It’s crazy when your whole life starts feeling like something that’s on the very verge of happening. Like you’re living on the edge of something big.
That’s an approximation of how I feel when I do things like count weekends in the calendar and realize that I have about six total left in Portland. I bought a plane ticket to Chicago yesterday to visit my BFF from college. I also spent time talking with my little brother about a trip to Yellowstone in the fall, and looking up maps and directions.
Maybe this on-the-edge feeling is the reason why I’ve been so into Jesus’ Son lately, an absolute classic that I didn’t think much of the first time I read it but have now completely fallen in love with.
I want to talk about one story in particular from this book, “Emergency.” There are many reasons why I love this story. Here are just a few:
– The surreal, bordering on slapstick humor, in scenes like the one where the nurse tells the man with the knife in his eye to lie down, and he says, “Okay, I’m certainly ready for something like that.” Or his classic response when the doctor asks if he wants the police to be called: “Not unless I die.” (How amazing is it that in the movie this character is played by none other than Denis Johnson himself?)
– The effectiveness with which Johnson establishes the unreliability of the narrator, setting the tone with the very first sentence: “I’d been working in the emergency room for about three weeks, I guess.” (274)
– The visual motif of blood, squishiness, stuff spilling out or getting squashed, like when the narrator rolls over the baby bunnies they’d just rescued and kills them. In the eyes of this story, we’re no better than these baby bunnies, prematurely pulled from our dead mother’s womb: we’re all just a bunch of walking wet organs, emergencies just waiting to happen, constantly on the verge of death. Or as Georgie puts it, “There’s so much goop inside of us, man, and it all wants to come out.” (274)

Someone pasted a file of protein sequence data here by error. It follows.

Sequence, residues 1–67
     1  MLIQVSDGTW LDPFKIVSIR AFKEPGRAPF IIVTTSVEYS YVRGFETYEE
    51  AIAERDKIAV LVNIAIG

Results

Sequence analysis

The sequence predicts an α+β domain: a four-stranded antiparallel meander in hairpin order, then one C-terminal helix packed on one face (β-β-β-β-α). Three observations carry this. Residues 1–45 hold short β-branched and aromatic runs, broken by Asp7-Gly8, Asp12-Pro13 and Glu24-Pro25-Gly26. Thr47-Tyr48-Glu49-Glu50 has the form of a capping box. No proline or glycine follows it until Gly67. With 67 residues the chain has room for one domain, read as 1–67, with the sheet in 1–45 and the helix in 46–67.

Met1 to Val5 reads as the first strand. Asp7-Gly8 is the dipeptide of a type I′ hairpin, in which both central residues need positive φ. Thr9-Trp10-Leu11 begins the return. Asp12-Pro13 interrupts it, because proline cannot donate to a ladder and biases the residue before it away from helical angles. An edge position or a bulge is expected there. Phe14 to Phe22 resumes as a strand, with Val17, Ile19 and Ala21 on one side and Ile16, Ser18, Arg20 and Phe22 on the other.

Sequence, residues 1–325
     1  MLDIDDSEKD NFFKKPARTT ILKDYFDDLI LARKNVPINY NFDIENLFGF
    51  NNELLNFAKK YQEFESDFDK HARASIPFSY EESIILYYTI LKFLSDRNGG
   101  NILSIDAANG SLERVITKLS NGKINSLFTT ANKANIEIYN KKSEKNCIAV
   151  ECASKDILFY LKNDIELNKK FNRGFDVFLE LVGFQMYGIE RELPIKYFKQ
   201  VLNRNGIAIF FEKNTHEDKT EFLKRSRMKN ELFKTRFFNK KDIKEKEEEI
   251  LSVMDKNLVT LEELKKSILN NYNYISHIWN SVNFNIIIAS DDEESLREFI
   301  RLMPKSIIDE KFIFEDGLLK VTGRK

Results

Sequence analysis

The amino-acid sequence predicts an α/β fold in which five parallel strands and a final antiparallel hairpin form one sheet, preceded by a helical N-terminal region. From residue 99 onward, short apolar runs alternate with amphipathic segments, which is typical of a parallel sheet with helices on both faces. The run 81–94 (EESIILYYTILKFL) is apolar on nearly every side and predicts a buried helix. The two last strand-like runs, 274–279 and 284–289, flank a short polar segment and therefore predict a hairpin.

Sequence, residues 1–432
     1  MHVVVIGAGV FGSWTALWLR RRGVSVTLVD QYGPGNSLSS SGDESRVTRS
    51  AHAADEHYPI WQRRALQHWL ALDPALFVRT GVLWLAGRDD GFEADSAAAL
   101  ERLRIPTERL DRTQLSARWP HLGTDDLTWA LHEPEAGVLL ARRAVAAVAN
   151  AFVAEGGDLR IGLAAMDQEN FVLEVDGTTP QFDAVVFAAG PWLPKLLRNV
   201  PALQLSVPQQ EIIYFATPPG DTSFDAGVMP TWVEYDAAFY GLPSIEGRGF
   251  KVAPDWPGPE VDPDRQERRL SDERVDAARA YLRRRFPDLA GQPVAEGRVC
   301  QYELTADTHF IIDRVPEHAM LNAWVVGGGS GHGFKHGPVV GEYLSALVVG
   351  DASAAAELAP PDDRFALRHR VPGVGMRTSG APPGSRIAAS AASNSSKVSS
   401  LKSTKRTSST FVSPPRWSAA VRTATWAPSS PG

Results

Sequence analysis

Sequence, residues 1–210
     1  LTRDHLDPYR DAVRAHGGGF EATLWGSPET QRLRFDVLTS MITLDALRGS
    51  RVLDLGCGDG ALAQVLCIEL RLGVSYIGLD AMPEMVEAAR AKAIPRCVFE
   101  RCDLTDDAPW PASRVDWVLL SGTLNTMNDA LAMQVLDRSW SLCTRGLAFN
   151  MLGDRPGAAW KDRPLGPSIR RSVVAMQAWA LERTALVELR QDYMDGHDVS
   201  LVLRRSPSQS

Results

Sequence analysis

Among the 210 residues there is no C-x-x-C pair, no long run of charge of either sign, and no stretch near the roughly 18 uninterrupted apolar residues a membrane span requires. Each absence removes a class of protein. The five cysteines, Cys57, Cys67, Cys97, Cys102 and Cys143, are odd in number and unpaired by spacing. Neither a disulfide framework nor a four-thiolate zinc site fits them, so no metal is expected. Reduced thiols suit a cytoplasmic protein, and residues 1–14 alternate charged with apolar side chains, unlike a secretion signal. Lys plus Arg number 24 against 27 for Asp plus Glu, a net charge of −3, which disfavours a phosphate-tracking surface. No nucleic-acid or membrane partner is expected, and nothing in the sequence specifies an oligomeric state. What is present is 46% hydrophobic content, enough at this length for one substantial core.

– The theme of seeing vs. not seeing. The man with a knife sticking in his eye (put there by his wife who caught him peeking at the lady next door while sunbathing) is the most obvious example. Other references keep popping up constantly throughout the story, like when Georige says “I’m starting to get my eyes back” (281) shortly following F.H.’s so-called religious vision. This theme of seeing makes me feel like a big theme in this story is REALITY, or specifically how we interpret or deal with it. Do we steal pills and get high? Do we go to the chapel and worship? How do we deal? How can we cope?
– The theme of reality ties in with all the references to religion sprinkled throughout the piece, most significantly when F.H. thinks he has a vision of an angelic choir, but it turns out to be just a drive-in movie. His reaction is classic: “I see. I thought it was something else.” (281) Other characters have similarly blase reactions, like the nurse who says “yeah, yeah” to the Lord is my Shepherd prayer getting blasted over the intercom. Interestingly enough, Georgie is the only character who expresses a clear desire to get in touch with his spiritual side: while high on pills, F.H. wants to go to the country fair, but Georgie’s desires are different: “I want to go to church… I’d like to worship. I would… I need a quiet chapel about now.” (278) Is Georgie the only person in touch with a spiritual reality in this story? Does he see things that the other characters don’t? Is his last line of the story (“I save lives”) the truth that all the rest of us don’t see?
– This paragraph:
“Or maybe that wasn’t the time it snowed. Maybe it was the time we slept in the truck and I rolled over on the bunnies and flattened them. It doesn’t matter. What’s important for me to remember now is that early the next morning the snow was melted off the windshield and the daylight woke me up… The bunnies weren’t a problem yet, or they’d already been a problem and were already forgotten, and there was nothing on my mind. I felt the beauty of the morning. I could understand how a drowning man might suddenly feel a deep thirst being quenched. Or how the slave might become a friend to his master.”
You can watch two clips from the “Emergency” section of the very fine film adaptation below: